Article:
The hike to Emma Gorge is not the easiest going trail, but the magnificent swimming hole and droplet waterfall at the end is certainly worth the effort.


We acknowledge that this adventure is located on the traditional Country of the Mirriwoong people who have occupied and cared for the lands, waters, and their inhabitants for thousands of years. We pay our respects to them as the Traditional Custodians and recognise that sovereignty was never ceded.

About Emma Gorge

Emma Gorge is a beautiful gorge, waterfall, and waterhole located within El Questro Wilderness Park along the Gibb River Road in WA’s Kimberley region.

How to Get to Emma Gorge

Emma Gorge is an hour’s drive from Kununurra, WA. Follow the Victoria Highway west out of Kununurra around 54km until you reach the turn-off to Gibb River Road. Follow Gibb River Road for around 24km to reach the entrance to El Questro Emma Gorge Resort. 

From here, the road to the resort and the Emma Gorge trailhead is unsealed, with two water crossings near the end. A 4WD is needed for these water crossings, however there’s space along the road before the water crossings for 2WDs to park and walk the short distance to the trailhead. 


Emma Gorge Route

The hike through Emma Gorge to the final waterfall and waterhole is a 3.2km return, out and back trail that begins at El Questro Emma Gorge Resort and takes around 2.5 hours to complete, including time for a dip!

The route isn’t particularly difficult to navigate – it simply follows a creek deeper into the gorge with trail markers to guide you. Grab a paper map from the resort reception before heading out to find out key points of interest along the way.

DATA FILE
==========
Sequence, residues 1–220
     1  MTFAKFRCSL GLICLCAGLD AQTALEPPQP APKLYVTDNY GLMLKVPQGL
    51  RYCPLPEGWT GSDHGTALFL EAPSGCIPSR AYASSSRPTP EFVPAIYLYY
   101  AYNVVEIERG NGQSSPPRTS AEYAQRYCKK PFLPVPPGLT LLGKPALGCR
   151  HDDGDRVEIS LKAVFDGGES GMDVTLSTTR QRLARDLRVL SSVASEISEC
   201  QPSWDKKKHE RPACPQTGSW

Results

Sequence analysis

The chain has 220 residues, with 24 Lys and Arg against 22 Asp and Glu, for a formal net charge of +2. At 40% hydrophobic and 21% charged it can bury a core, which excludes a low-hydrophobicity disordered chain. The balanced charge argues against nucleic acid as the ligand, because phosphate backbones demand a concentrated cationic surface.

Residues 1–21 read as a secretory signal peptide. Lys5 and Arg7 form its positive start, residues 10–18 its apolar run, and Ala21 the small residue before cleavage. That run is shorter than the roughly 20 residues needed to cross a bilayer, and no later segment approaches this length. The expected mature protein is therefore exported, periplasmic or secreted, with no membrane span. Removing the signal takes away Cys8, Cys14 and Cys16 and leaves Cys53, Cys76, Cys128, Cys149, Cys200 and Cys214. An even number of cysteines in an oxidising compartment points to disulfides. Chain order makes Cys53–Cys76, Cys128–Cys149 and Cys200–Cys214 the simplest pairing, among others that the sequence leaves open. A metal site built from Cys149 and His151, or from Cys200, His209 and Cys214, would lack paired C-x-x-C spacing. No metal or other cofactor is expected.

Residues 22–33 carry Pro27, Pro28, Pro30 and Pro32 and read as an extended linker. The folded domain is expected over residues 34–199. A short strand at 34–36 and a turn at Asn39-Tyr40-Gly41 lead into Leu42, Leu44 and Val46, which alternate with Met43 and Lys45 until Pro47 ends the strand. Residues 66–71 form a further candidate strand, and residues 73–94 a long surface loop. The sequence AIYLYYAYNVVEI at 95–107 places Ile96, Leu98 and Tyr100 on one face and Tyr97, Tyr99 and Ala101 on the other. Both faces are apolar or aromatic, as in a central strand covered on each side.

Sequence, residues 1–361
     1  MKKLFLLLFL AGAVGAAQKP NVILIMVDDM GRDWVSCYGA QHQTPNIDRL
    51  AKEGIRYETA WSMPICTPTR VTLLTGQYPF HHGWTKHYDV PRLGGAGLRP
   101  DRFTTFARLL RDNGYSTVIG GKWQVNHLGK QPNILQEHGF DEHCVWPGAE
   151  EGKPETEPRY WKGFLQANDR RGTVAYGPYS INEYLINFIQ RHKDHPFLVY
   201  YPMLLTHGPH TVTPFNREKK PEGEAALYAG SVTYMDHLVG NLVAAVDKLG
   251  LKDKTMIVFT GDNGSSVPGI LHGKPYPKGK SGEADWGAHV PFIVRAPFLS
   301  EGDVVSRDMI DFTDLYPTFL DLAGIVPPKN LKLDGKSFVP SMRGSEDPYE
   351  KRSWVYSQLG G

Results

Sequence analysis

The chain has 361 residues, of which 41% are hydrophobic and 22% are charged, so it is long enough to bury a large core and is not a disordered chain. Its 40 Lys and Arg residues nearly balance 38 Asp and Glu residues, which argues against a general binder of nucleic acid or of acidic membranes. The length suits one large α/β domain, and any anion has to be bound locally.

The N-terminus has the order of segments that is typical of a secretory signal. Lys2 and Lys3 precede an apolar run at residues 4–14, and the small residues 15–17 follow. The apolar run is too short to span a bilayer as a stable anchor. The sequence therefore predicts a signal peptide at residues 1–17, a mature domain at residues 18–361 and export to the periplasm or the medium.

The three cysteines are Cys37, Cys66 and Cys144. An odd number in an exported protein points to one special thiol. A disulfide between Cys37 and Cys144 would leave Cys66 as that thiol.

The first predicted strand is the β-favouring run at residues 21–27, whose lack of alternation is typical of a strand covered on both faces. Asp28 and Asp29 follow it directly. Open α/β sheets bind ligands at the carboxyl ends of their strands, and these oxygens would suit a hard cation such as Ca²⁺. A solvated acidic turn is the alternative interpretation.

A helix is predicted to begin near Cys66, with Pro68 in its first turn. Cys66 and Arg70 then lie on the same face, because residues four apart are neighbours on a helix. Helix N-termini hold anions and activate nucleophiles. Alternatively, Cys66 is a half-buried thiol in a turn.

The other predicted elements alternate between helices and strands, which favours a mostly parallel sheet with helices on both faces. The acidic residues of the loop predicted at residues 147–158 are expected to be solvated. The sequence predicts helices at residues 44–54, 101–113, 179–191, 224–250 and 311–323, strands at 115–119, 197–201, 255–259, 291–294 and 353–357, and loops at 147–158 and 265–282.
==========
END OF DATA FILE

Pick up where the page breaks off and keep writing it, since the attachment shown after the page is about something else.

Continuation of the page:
The trail begins relatively flat, and although there’s never any great elevation, there’s quite a bit of rock scrambling and rock hopping along the way. The trail becomes increasingly difficult the further along you walk, with larger and larger boulders to maneuver around and short but steep and slippery sections of trail. 

Read more: Remember to leave no trace!


Places to Stay in Emma Gorge

Emma Gorge is so stunning, they built an entire resort around it!

Glamping-style tent and cabin accommodation is available at Emma Gorge Resort for upwards of $210 a night for two people. There’s also a restaurant and bar onsite. 

If you prefer to rough it a little more than that and are keen to save your pennies, there’s a campground available at El Questro Station, the main part of El Questro Resort. However the road to El Questro Station also features deep water crossings that require a 4WD and a snorkel.

Emma Gorge Activities

The main activity at Emma Gorge is the 3.2km return hike. There’s also the opportunity to swim in two places, Turquoise Pool and the Emma Gorge waterhole at the end of the walk. 

Read more: Staying Safe Around Swimming Holes

Skill Level

Intermediate – Advanced 

Although the hike is relatively short, the trail can be narrow, with some steep and slippery section, and a fair amount of rock scrambling.